Friday, October 12, 2007

A bone to pick...

I’ve been reading with interest about the controversy surrounding whether Lucy’s 3.2 million-year-old fragile remains should be put at risk as she is publicly displayed, for the first time outside of Ethiopia, at the Houston Museum of Natural Science between now and next April.
In my mind, however, it is Lucy’s legacy that has put us at risk.
When you see her - and you should -- peer at her frame and ponder one of the more profound questions of our time: Is that why the cesarean rate is so high?
The first time I laid eyes on Lucy’s likeness, it was a mocha-colored cast of her 47 fossilized bones, encased in glass and hung on the wall in the American Museum of Natural History in New York.
At the time, about a year after my son was born, I was trying to understand why human birth is both a natural physiological process that has successfully (over)populated the earth, as well as a painful experience that leaves little room for error.
That day, in New York, I stared at Lucy’s replicated half-remaining pelvis, which was originally dug out of the ground in Ethiopia in 1974, and sighed as my son squirmed in his stroller beneath her.
“So small!” I shrieked to no one in particular.
Granted, Lucy, living on a diet of nuts and berries and the occasional carcass leftovers, probably stood only about 3.5 feet tall, and weighed about 60 pounds. (Males of her type would have been taller.) But indeed, Lucy’s legacy – as the museum’s slick marketing materials state – is profound in that her fossil shows us how humans evolved from knuckle-dragging ape-like creatures, with roomy pelvises, to upright creatures that became more intelligent.
And therein lays the problem. Lucy’s pelvis was narrower than those of earlier primates. Her pelvis had to be smaller to support efficient walking on two feet. If she continued to walk with the aid of arms on the ground, her stance would have been wider and, when bipedal, she would have rocked from side to side, like chimps do when upright. Meanwhile, our ancestors became increasingly intelligent – meaning their crania enlarged.
Ah, Lucy’s legacy. Big head, small pelvis: The modern consequence of such bad anatomical math plays out every day in hospital labor and delivery units around the world. In America, we can understand Lucy’s legacy in the popular cry for epidurals. We can feel Lucy’s legacy in the rush for the scalpel, with nearly one out of every three births in the U.S. now by cesarean section. And we can ponder Lucy’s legacy as babies are born larger and larger with every passing year. For the record, our pelvises are not getting bigger.
As I sit here, pregnant again, wondering how my own obstetrical drama will play out (the first time ended in a c-section, of course but I am not worried this time), can someone in Houston do me a favor?
Tell Lucy I have a bone to pick with her.

9 comments:

Mitchell Clan said...

I have a real problem with the supposition that babies are getting larger and larger every year. We have no proof of this at all. In fact, the way we are now electing cesareans and inductions, we don't have an accurate picture of birth at all. We are affecting the "average" size and "average" gestation on a daily basis at a phenomenal rate. We don't even know what normal babies do during labor, because we cut them out at 40 weeks or 12 hours after induction begins. Times up!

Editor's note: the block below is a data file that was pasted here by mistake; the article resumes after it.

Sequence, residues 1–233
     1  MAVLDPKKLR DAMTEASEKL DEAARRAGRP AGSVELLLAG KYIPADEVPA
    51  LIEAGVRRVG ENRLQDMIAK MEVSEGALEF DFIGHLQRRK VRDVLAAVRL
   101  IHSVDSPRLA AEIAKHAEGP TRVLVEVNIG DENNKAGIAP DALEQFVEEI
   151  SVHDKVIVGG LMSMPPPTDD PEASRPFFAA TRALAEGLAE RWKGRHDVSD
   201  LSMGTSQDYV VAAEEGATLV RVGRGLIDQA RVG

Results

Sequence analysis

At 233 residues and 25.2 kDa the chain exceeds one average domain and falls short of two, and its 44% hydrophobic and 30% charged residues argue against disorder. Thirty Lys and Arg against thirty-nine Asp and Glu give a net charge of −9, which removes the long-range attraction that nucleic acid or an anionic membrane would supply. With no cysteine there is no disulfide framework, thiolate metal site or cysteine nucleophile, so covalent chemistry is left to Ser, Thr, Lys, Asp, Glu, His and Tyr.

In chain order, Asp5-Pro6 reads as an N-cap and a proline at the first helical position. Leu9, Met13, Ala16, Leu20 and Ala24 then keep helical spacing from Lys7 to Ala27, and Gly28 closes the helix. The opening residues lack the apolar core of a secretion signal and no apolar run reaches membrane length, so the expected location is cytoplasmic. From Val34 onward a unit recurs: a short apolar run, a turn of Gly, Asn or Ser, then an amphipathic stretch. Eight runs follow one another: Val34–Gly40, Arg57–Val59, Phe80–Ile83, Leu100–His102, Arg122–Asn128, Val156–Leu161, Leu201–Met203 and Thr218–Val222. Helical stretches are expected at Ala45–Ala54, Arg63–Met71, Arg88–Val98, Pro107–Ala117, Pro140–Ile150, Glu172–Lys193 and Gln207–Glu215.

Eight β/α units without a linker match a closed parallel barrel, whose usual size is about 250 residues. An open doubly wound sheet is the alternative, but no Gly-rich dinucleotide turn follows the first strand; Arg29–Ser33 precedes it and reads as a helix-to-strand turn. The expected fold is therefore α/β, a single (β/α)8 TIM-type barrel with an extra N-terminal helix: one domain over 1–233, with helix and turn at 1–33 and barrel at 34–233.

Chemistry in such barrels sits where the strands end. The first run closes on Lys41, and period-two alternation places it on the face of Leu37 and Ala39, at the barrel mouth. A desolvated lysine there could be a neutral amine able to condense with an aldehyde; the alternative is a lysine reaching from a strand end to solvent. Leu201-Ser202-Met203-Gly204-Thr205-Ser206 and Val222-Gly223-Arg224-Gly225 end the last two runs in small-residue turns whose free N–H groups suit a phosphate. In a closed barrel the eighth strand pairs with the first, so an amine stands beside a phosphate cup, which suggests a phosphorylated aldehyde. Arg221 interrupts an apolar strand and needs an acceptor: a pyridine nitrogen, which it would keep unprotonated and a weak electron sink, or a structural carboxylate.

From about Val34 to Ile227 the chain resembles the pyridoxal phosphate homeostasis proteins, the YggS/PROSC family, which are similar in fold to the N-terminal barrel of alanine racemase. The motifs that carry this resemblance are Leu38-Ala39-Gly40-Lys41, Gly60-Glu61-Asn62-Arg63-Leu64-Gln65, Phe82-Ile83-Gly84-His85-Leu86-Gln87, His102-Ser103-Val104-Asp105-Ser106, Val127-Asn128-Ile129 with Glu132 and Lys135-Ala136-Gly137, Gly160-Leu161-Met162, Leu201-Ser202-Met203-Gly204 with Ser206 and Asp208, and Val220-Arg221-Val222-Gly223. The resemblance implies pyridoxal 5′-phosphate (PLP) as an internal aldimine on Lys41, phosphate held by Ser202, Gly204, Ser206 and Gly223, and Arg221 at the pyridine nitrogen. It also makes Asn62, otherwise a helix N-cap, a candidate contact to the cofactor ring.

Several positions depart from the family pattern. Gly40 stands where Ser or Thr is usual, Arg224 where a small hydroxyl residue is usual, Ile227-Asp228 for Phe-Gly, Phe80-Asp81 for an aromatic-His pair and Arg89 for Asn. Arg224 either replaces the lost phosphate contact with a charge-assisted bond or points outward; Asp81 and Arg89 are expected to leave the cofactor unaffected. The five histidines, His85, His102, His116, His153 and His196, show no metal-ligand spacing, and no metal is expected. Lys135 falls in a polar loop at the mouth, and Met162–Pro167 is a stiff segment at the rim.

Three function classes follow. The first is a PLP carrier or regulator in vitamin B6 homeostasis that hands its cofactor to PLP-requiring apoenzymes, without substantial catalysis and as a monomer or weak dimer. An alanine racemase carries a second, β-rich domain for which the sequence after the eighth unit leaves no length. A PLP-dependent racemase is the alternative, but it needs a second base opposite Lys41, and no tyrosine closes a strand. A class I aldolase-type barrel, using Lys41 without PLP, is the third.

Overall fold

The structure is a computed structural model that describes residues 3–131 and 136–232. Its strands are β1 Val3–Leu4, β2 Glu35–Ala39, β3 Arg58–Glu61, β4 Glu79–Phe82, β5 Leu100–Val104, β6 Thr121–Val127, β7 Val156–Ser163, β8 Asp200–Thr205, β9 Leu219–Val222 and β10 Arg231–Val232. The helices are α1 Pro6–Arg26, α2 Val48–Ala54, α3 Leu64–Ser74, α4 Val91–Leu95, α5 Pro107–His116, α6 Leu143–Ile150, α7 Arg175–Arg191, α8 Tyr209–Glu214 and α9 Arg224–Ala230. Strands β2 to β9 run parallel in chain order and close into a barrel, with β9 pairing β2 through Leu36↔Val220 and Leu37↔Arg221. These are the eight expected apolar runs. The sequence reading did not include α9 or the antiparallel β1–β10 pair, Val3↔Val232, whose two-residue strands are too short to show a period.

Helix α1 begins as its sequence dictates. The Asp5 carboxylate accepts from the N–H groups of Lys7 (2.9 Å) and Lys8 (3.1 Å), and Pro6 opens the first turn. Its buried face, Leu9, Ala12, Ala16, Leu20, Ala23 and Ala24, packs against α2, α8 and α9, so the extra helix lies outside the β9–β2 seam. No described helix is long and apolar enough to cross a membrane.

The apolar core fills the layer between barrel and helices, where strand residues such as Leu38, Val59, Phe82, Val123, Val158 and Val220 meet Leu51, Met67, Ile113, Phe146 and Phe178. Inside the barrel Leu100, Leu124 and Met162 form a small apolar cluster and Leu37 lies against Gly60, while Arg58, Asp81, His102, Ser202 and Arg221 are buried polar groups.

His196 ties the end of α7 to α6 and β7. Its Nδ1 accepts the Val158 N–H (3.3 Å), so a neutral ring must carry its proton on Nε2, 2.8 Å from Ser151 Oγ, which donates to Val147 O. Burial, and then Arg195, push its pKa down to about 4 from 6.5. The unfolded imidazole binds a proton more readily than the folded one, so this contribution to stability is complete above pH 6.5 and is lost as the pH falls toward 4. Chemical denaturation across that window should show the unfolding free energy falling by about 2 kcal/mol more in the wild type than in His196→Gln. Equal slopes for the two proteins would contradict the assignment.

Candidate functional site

Two of my family grandfathers, born in the 1870's and 1900, respectively, were both over 9lbs and no one thought a thing about it. They weren't even from the same branch.
Why are we falling for these bad statistics and forced ideas that we "can't" birth...with no evidence to prove that assertion! Our cesarean rate didn't climb with our pelvis size changing...it climbed in the last 20-70 years as we evolved from having babies to having 9 to 5 professionals delivering our babies.

Tina Cassidy said...

Mitchell, I don't at all disagree with you, especially about casual inductions and elective cesareans and overreactions to women supposedly being past their due dates. Statistics show that these trends are happening at alarming rates in this country. HOWEVER, stats also show that the average size of a baby has increased significantly, even in the last 50 years. Why? Mostly because our diets have changed, women are avoiding cigarettes and alcohol and we are downing vitamins like never before. Now, I am not saying that we should be doing more sections and inductions because babies are getting bigger. Instead, we should be reverting to more natural ways to enable nine-pounders to enter the world, as a midwife likely did with your large grandfather. The bottom line is, having a baby has always been a tight fit given the head to pelvis ratio. There is rarely much room for error. I believe having a woman labor on her back (due to an epidural) is not going to help a nine-pounder out. So I think we agree.

N said...

Congrats on your pregnancy! I hope you are planning a VBAC!

Tina Cassidy said...

Thanks. And yes, I am planning a VBAC.

Mama V said...

My birthing class instructor talked about how labor hurts like it does (and a baby's head is the size it is in proportion to the mother's pelvic bones) so that we'd be able to stop and take notice (thereby saving the baby's head from being dropped on the floor).

:)

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